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Dean Lomax

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Dean R. Lomax
File:Dean at the Stuttgart State Museum of Natural History, Germany.jpg
Dean Lomax in 2017 beside skeletons of Stenopterygius
ResidenceEngland
NationalityBritish
Alma materUniversity of Manchester
Known forIchthyosaurs, Dinosaurs of the British Isles, and Dinosaur Britain
Scientific career
FieldsPalaeontologist

Dean R. Lomax is a British palaeontologist, author and science communicator in Britain. He grew up in Doncaster, South Yorkshire, England. He is a visiting scientist at The University of Manchester.

Research[edit | edit source]

Lomax's research ranges from trace fossils to fossil plants and he has published extensively for both academic and popular audiences. His expertise is on ichthyosaurs and he has named several new species, including species of Ichthyosaurus (Ichthyosaurus anningae, named after Mary Anning [2015],[1][2] Ichthyosaurus larkini and Ichthyosaurus somersetensis [2016])[3] Protoichthyosaurus (Protoichthyosaurus applebyi [2017])[4] and named the leptonectid ichthyosaur genus Wahlisaurus (Wahlisaurus massarae [2016]).[5][6] He has also described what might be the largest ichthyosaur (or animal) that ever lived.[7][8] Other notable discoveries made by Lomax include the world's longest 'death track' (mortichnia), a 9.7 m trackway from Solnhofen created by a 150 million-year-old horseshoe crab,[9][10][11] the discovery of a new fossil lagerstätten site in Lomax's hometown of Doncaster, England, the identification and discovery of an 8.5 m ammonite death drag,[12][13] an ichthyosaur pregnant with octuplets[14], the discovery of the largest Ichthyosaurus with preserved fetus[15] and the first baby ichthyosaur found with its last meal preserved.[16]

He is the author of several books, including Dinosaurs of the British Isles.[17][18][19]

Awards[edit | edit source]

In 2015, Lomax won the G. J. Mendel Award (gold medal) for excellence in science at the Houses of Parliament.[20]

He was awarded the Marsh Award for Palaeontology from the Marsh Christian Trust and Natural History Museum, London in 2015 for his significant contributions to palaeontology.[21]

Lomax was also awarded the Palaeontographical Society Edward Forbes Prize[22] for his identification and formal recognition of Ichthyosaurus anningae, specifically for recognising the specimen as genuine after being misidentified as a plaster cast.[23]

He was recognised as a local science hero by the Royal Society in 2016.[24][25]

He was named one of Junior Chamber International UK’s Ten Outstanding Young Persons of 2017.[26]

References[edit | edit source]

  1. Gill, Victoria (19 February 2015). "Forgotten fossil found to be new species of ichthyosaur". BBC.
  2. "'Fake' fossil is actually 189 million-year-old remains of undiscovered species". foxnews.com. 24 February 2015.
  3. Briggs, Helen (6 October 2016). "British 'sea dragon' fossils are 'new to science'". BBC.
  4. Naish, Darren (10 October 2017). "The Fall and Rise of Protoichthyosaurus". Scientific American Tetrapod Zoology.
  5. "200 million-year-old fossil of rare Jurassic-era 'sea dragon' was found hidden in private collection". phys.org.
  6. Ashok, India. "New 200 million-year-old British species of marine reptile discovered". InternationalBusinessTimes.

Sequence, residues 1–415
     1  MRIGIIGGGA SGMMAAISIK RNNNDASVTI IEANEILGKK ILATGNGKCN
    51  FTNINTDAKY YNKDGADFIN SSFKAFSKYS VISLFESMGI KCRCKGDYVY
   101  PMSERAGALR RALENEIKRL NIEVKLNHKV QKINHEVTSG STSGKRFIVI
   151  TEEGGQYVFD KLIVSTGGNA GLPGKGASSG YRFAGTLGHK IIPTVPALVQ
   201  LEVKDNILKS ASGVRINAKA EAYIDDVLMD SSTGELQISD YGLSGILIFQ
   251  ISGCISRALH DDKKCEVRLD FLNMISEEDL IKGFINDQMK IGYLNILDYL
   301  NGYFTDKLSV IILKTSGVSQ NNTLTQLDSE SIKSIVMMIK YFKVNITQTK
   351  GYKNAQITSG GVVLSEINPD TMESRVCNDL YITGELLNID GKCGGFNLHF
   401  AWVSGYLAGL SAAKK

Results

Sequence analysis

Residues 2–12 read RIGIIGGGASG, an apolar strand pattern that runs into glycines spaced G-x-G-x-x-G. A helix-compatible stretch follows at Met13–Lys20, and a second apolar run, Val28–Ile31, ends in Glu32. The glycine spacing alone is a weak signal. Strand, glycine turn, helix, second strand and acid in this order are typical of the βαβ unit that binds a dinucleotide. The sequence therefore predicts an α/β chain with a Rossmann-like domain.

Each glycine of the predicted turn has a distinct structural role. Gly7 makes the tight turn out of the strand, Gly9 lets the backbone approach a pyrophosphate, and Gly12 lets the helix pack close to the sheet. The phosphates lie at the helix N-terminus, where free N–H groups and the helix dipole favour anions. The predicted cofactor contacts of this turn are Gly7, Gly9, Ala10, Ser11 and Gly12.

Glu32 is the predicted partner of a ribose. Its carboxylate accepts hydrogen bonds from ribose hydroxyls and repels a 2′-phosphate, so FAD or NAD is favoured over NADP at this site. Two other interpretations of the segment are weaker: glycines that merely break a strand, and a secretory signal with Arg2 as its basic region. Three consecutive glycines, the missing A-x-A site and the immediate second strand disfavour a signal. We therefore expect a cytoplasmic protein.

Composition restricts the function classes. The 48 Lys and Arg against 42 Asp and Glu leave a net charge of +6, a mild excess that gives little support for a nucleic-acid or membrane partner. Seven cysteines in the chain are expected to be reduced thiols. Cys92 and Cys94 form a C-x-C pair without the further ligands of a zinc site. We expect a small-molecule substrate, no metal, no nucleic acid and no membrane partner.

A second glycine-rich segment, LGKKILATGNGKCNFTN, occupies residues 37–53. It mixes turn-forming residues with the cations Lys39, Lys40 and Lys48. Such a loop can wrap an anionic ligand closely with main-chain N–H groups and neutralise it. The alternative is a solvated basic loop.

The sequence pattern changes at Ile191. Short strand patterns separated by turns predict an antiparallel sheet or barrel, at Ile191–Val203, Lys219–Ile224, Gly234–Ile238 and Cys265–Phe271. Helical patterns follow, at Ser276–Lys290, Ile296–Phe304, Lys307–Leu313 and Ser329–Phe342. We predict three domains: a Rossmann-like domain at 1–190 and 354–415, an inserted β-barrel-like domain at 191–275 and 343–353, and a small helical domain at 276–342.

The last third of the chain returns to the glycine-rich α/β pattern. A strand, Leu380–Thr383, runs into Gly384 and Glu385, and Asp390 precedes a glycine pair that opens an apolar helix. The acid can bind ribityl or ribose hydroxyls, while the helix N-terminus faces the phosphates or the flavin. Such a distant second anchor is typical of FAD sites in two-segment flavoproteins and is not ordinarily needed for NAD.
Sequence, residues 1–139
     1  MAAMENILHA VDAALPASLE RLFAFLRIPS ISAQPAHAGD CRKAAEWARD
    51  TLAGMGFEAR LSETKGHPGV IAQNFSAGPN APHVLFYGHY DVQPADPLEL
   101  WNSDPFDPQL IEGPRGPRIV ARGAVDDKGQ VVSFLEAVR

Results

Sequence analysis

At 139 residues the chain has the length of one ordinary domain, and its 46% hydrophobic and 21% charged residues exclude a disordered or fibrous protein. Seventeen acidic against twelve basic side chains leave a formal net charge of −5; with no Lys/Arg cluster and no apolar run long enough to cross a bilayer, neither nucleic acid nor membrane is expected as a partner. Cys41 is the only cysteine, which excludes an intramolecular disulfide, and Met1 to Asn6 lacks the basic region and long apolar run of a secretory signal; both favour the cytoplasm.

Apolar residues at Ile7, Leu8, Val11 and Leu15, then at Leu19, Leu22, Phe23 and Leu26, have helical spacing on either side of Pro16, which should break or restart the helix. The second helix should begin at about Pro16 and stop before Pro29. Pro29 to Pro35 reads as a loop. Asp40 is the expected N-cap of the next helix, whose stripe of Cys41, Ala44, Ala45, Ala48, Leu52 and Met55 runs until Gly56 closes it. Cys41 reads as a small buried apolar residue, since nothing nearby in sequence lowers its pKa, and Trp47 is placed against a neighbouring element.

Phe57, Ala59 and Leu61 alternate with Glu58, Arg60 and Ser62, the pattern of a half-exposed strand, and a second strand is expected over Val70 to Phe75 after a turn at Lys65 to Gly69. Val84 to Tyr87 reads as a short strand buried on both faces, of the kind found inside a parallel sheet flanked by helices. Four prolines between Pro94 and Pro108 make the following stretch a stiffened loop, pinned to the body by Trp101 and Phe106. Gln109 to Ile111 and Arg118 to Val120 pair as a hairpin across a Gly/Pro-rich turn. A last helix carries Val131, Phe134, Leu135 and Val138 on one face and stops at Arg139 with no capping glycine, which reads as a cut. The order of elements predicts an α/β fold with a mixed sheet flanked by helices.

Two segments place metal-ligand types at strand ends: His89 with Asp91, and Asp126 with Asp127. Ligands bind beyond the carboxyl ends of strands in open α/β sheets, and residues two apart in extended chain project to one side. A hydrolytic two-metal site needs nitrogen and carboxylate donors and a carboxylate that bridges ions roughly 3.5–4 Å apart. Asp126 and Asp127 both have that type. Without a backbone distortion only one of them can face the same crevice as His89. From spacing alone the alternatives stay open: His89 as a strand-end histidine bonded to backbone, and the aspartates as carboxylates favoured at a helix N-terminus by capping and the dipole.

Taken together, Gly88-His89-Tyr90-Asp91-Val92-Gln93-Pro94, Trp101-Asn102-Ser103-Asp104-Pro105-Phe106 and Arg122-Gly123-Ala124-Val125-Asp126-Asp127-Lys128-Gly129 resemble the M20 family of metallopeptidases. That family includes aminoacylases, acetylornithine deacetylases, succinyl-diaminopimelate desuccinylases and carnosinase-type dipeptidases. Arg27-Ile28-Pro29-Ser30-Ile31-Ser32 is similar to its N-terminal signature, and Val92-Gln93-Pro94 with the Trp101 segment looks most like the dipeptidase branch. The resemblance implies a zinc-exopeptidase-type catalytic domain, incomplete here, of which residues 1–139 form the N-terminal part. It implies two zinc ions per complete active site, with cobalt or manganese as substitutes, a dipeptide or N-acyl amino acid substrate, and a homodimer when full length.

7. Pickrell, John (9 April 2018). "Prehistoric 'Sea Monster' May Be Largest That Ever Lived". nationalgeographic.com.
  8. Briggs, Helen (10 April 2018). "Ancient sea reptile was one of the largest animals ever". nationalgeographic.com.
  9. Crumpton, Nick (7 September 2012). "Fossil records 'crab' death march". bbc.co.uk.
  10. Tennant, Jon (12 June 2017). "Meet Dean Lomax, Master of the Prehistoric 'Death March'". discovermagazine.com.
  11. Prostak, Sergio (30 August 2012). "Stunning Discovery: World's Longest Fossilized 'Death Track'". sci-news.com.
  12. Panciroli, Elsa (11 May 2017). "Zombie ammonite discovery is 'snapshot of an unusual moment in deep time'". theguardian.com.
  13. Briggs, Helen (8 May 2017). "Rare ammonite 'death drag' fossil discovered". bbc.co.uk.
  14. "Fossilized 'Sea Monster' Found Pregnant With Eight Babies". Smithsonian.com. 9 April 2018.
  15. "Biggest Ichthyosaurus Fossil Was Pregnant When She Died". iflscience.com. 15 September 2014.
  16. Becker, Rachel. "This 200-million-year-old baby ichthyosaur died with a belly full of squid". theverge.com.
  17. Walley, Mike. ""Dinosaurs of the British Isles" Book Review". everythingdinosaur.co.uk.
  18. Roberts, Edward. ""Britain was a 'dinosaur paradise' with more than 100 different species, author of new book claims". mirror.co.uk.
  19. Switek, Brian. ""Book in Brief: Dinosaurs of the British Isles". nationalgeographic.com.
  20. "STEM for BRITAIN - Early-career research scientists, engineers and mathematicians". www.setforbritain.org.uk.
  21. "Marsh Palaeontology Award - Natural History Museum". marshchristiantrust.org.
  22. "Honorary Scientist at The University of Manchester Wins Award". everythingdinosaur.co.uk.
  23. "Fossil 'replica' found to be unknown species of dinosaur". itv.com.
  24. "Dean R. Lomax – Making dreams reality". royalsociety.org.
  25. McLennan, Matt. "Doncaster to celebrate the work of scientist Dean Lomax with exhibition and fun day". doncaster free press.
  26. Hawley, Ben. ""National Convention T.O.Y.P awards ceremony: Meet some of our inspiring winners!". jciuk.org.uk.

External links[edit | edit source]


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